A man with a prior criminal record will spend five years in federal prison after confessing to detonating a pipe bomb early this year outside a Colorado Springs building housing an NAACP office and a hair salon.
No one was injured in the Jan. 6 bombing, but two NAACP volunteers and the owner of the salon were in the building at the time.
A surveillance camera on a nearby home and witness descriptions of the suspect’s vehicle ultimately led an FBI Joint Terrorism Task Force to identify and arrest Thaddeus Cheyenne Murphy on Feb. 19. He has previous convictions for theft, burglary and fraud, court records indicate.
The 44-year-old Colorado Springs man was sentenced Tuesday in U.S. District Court in Denver after pleading guilty to attempting to destroy a building with an improvised explosive device and being a felon in possession of firearms.
He could have been sentenced to as much as 20 years in prison on the federal attempted firebombing charge and an additional 10 years on the firearms charge because of his criminal history. But federal prosecutors agreed to the five-year sentence because of Murphy’s “acceptance of responsible” under sentencing guidelines and because they couldn’t prove a racial motive for the bombing.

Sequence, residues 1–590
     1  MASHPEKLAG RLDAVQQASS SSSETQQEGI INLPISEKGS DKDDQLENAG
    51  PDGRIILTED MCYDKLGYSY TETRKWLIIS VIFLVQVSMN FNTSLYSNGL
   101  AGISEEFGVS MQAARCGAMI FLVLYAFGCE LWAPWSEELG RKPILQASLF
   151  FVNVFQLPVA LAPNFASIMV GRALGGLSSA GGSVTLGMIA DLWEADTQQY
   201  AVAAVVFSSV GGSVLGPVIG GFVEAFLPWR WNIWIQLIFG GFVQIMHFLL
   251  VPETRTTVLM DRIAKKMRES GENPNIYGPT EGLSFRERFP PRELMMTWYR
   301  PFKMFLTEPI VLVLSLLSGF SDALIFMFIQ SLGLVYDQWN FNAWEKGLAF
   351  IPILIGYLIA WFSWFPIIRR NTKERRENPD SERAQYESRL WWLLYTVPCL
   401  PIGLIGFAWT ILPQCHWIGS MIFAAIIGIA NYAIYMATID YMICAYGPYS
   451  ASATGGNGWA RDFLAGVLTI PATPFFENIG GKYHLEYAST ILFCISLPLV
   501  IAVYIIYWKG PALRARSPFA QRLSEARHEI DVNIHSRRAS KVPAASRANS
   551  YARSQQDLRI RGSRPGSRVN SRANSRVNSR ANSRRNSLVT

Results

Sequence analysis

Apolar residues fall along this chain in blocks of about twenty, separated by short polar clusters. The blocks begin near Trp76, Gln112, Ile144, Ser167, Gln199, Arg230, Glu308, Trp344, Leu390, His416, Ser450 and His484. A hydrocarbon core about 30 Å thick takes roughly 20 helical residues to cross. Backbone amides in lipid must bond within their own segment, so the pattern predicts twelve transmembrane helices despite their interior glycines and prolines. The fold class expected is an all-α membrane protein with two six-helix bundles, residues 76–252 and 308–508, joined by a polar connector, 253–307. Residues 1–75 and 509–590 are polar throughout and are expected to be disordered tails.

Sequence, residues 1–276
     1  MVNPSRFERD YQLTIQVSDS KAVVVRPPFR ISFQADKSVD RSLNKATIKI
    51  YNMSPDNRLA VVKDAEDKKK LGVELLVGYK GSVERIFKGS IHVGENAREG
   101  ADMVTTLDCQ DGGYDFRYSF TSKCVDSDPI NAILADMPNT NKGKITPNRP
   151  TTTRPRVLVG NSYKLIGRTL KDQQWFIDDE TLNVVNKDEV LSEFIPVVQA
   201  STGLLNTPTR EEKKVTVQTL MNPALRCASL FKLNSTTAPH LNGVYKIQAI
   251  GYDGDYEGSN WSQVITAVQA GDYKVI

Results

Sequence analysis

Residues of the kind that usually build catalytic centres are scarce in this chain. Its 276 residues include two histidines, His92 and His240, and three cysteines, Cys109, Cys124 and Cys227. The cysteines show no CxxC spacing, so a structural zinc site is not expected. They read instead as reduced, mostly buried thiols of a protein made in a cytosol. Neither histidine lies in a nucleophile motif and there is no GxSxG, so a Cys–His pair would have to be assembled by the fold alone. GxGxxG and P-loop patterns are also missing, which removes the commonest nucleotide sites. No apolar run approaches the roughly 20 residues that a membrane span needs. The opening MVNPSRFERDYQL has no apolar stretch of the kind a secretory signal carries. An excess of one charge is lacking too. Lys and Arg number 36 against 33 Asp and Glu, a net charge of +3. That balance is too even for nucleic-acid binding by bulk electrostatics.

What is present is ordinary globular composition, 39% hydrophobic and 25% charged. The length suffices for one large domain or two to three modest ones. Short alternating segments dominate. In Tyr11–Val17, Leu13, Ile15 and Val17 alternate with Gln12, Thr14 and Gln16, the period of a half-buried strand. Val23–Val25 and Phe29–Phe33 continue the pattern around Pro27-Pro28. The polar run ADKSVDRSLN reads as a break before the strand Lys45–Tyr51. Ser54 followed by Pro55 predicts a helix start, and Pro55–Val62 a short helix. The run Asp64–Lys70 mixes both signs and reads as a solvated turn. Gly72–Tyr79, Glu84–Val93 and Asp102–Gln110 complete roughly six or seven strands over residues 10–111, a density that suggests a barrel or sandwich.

Murphy immediately confessed to the bombing when federal agents interviewed him in February, claiming wanted to get the attention of his accountant who wouldn’t return phone calls.
While entering his guilty plea before U.S. District Judge William J. Martinez, Murphy contended he planted the explosive device in the mistaken belief his accountant had an office in the building, the Colorado Springs Gazette reported. But the accountant died several months before the bombing and is not clear if he ever had an office in the building that Murphy bombed.
In response to question from the judge, Assistant U.S. Attorney Gregory Holloway revealed that investigators who examined Murphy’s computer found newspaper reports about the August 2014 police shooting of Michael Brown, leading to civil unrest and rioting in Ferguson, Mo.
However, the prosecutor added, there was widespread public interest in the events surrounding Ferguson. The Denver Post quoted the prosecutor telling the court: “From what we were able to uncover there was no evidence of racial animus [on Murphy’s part].”
During the search of Murphy’s home, agents found seven firearms, including two assault rifles, a handgun, two shotguns and a WWII-era Russian military rifle, court documents say. An illegal homemade silencer also was seized.